A Scottish philosopher once said: “Ignorance is the mother of fear.” Fear and confusion arise out of ignorance. If we illuminate the darkness with the light of wisdom, there is nothing at all to fear or be bewildered about.
It is out of hope that you will develop such wisdom that I would like to speak to you today about Animal Farm by the British author, George Orwell (1903-1950), who also wrote the well-known novel Nineteen Eighty-four, a bitter prophecy of a totalitarian world.
Animal Farm is an allegory employing a group of barnyard characters on an English farm, who become the misled victims of a totalitarian dictatorship. After long years of oppressive rule under the tyrant, the human beings, the animals launch a rebellion with the rallying cry: ‘Liberty and equality to animals!’
Their democratic revolution is a success. The animals oust the human beings and take over the farm, renaming it ‘Animal Farm.’
For those of you who may not yet have read the book, their struggle could be compared to the way we discarded incorrect teachings and made a full-fledged start on the kosen-rufu movement for the sake of the true liberty and equality of humankind.
The animals start governing themselves in accordance with the principles of ‘Animalism’ which have been agreed upon by all. Everyone is happy and burning with pride. Under the unalterable tenet that, ‘All animals are equal,’ they resolve to build an ideal, democratic homeland.
When the human beings attempt to recapture the farm, the animals fought valiantly together, magnificently repelling the enemy.
However, as time goes by, the principle of equality begins to crumble. the farm’s affairs, which until then, have been governed by a system of open debate and consensus, gradually come to be decided exclusively by the pigs, who have appointed themselves leaders.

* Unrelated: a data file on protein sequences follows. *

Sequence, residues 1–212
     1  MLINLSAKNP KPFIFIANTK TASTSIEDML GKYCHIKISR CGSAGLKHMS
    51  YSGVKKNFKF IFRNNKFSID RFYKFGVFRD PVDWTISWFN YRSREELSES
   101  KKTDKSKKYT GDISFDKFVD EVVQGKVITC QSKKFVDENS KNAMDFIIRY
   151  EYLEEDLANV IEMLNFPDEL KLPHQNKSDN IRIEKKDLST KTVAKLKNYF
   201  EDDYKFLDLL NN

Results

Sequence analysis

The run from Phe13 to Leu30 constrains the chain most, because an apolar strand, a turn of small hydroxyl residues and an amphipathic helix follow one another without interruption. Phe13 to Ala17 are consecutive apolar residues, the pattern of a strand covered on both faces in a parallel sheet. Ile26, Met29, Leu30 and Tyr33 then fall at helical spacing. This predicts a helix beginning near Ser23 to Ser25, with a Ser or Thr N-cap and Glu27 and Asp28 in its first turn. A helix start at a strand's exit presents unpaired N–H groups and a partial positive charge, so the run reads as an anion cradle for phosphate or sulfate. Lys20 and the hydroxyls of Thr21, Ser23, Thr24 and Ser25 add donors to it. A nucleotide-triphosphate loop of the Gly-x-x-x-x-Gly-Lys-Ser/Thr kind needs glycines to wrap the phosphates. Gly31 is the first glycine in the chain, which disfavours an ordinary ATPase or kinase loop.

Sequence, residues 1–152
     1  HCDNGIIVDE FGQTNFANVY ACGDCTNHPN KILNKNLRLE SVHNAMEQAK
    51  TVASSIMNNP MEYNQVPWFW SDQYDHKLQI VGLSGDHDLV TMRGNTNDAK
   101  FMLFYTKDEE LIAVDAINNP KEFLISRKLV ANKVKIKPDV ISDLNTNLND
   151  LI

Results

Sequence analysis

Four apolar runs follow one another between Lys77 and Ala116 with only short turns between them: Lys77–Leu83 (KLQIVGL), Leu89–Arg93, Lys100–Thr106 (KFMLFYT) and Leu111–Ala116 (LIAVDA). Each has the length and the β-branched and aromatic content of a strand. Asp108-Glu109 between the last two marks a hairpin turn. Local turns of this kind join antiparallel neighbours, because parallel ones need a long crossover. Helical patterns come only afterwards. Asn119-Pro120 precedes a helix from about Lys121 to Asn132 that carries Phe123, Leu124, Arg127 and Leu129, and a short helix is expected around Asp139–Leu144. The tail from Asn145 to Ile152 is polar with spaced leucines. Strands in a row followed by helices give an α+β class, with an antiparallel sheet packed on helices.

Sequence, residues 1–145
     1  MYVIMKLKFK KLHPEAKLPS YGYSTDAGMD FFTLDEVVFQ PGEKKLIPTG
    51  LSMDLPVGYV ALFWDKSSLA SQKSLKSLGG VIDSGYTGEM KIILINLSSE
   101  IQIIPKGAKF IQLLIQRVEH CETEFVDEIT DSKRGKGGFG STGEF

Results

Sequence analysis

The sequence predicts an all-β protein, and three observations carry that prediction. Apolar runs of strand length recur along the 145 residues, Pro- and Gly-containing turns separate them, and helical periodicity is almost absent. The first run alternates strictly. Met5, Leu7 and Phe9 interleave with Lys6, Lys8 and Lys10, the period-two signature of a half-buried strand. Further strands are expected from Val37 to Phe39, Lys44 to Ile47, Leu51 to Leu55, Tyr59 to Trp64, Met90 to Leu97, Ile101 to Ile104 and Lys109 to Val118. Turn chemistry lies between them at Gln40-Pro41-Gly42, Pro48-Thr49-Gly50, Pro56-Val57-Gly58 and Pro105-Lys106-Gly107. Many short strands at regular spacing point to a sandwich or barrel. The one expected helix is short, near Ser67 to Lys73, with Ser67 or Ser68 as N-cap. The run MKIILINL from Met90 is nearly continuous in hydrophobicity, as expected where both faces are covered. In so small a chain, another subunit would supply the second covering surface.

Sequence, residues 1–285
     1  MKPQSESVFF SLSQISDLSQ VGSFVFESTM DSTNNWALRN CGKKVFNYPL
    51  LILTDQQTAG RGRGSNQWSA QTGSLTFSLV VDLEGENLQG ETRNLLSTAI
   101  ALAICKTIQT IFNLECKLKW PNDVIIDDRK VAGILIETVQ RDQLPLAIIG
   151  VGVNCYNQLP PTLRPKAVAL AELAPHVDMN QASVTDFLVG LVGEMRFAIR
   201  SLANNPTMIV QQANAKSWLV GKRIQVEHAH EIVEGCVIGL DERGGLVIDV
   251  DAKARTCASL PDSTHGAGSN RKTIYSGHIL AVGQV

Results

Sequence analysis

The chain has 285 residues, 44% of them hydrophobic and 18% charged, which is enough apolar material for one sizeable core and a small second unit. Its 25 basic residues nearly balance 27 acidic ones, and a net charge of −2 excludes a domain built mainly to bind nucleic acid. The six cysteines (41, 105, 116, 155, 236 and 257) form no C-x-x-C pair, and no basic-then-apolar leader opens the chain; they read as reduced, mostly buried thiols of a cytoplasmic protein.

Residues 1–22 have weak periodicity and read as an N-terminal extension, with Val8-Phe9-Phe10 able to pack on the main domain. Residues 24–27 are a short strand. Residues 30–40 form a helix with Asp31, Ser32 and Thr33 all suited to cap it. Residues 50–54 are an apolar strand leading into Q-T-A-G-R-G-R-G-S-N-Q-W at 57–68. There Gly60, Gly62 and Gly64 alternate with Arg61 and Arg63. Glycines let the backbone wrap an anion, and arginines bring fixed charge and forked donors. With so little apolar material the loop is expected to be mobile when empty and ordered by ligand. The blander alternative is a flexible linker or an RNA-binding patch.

There are only subtle changes at first. For example, one morning, the animals wake up to find that their milk has vanished. Presently, the truth is discovered: The pigs have mixed the milk into their mash. They have also appropriated the apples, which should have been shared equally.
The pigs defend their actions, ‘We, pigs, are brain-workers. The whole management and organisation of this farm depend on us. Day and night, we are watching over your welfare. It is for your sake that we drink that milk and eat those apples.’ Of course, none of the other animals is a match for such eloquence.
They were implying: We want you to respect and treasure us, pigs; it may appear that we have appropriated milk and apples (which we actually did), but we did it all for the farm’s sake. The all too trusting animals were completely taken in.
To be continued…
SGI President Ikeda guidance, Japanese Goodwill Delegation, Tokyo, 14 February, 1991 (Flow Vol.1, no.21)